I can’t tell you how hard it was to be sitting on a bus, watching the ocean pass by when visiting Cuba; we were not ‘allowed’ to stop.  It is even harder for me to imagine that this will last much longer. Unmanaged development, tourism and fishing have had a devastating effects on other coral reefs around the world. Hotels are clamoring to build new resorts and take part in the infrastructure that is taking Cuba by storm. US senators from both sides of the divide were visiting during the same time I was, each angling for what their state could receive out of the new trade arrangements. One thing everyone I spoke with agrees on-Now that the doors are open, there is no turning back. The tsunami is coming. Tourism will provide an opportunity to improve lives in Cuba. Will sustainability be apart of the equation? How growth is handled and managed will determine what cost to the environment and Cuba’s pristine reefs the tourism tsunami will have.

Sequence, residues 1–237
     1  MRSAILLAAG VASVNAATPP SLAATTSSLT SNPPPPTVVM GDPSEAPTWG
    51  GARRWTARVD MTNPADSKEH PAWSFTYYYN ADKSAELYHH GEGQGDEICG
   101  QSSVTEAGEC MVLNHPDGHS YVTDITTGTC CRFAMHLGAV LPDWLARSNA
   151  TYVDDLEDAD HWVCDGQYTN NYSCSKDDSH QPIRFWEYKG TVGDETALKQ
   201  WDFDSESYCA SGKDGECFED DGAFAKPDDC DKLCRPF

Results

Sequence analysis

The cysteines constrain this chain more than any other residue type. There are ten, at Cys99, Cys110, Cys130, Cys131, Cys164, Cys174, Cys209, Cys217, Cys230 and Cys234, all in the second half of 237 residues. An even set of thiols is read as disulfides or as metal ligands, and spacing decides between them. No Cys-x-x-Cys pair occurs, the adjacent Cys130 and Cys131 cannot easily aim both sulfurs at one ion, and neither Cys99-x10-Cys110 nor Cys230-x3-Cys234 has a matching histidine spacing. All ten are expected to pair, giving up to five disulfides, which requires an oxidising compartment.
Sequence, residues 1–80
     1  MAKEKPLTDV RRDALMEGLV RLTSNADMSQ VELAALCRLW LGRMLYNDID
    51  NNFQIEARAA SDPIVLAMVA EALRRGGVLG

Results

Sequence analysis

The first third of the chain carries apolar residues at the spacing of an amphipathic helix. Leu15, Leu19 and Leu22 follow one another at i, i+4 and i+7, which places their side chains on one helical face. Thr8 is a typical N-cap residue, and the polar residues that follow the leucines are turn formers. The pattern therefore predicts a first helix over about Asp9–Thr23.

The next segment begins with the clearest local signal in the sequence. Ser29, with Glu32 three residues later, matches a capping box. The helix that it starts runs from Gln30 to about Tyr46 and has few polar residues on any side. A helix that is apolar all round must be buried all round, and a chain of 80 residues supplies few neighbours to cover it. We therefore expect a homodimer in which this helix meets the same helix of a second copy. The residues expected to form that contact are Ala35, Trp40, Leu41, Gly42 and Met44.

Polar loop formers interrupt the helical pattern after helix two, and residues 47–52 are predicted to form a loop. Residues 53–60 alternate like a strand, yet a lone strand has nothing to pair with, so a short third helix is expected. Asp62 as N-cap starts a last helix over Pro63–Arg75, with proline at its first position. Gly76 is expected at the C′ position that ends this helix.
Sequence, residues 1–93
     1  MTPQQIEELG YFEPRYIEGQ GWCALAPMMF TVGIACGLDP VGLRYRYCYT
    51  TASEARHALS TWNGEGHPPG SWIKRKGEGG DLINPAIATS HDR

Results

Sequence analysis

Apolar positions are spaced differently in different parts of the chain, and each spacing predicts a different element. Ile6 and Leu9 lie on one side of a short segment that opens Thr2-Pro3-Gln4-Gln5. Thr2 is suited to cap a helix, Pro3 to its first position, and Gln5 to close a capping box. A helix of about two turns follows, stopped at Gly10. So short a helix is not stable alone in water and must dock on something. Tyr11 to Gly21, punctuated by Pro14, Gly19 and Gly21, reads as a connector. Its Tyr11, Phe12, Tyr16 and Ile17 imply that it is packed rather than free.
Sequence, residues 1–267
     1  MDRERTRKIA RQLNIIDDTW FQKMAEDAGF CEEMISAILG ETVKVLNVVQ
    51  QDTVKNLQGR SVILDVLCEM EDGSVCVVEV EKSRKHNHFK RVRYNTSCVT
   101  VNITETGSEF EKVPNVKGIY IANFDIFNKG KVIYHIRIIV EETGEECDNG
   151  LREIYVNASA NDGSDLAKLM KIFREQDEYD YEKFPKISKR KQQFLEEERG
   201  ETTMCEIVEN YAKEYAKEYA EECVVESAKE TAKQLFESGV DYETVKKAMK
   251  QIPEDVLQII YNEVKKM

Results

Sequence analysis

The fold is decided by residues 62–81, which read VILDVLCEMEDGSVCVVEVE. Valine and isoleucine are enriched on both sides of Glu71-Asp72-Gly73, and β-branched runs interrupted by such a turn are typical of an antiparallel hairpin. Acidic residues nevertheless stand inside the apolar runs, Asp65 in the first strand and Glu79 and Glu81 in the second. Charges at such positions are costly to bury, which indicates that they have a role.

1. Shalagh says:

    Ahhhh, I hate this story. You’re right and I suppose I don’t even like being a human being when i’m kin to the destroyers. I feel sad and complicit as I make gas guzzling choices because no legularure has yet addressed the green house effect. And how commendable that Cuba’s government made choices to care for the reef but yes, the human beast consumes therefore he exists. Sigh. Well written Allison.

    • alison says:

      Shalagh-I think it’s all about building awareness and taking little steps to make a change. We can all make decisions that positively impact the environment every day.I’m sorry the post brought you down, sometimes I feel the same way. But then I decide to instead spread the word, and hope someone like you is listening.I thank you for the compliment about my writing.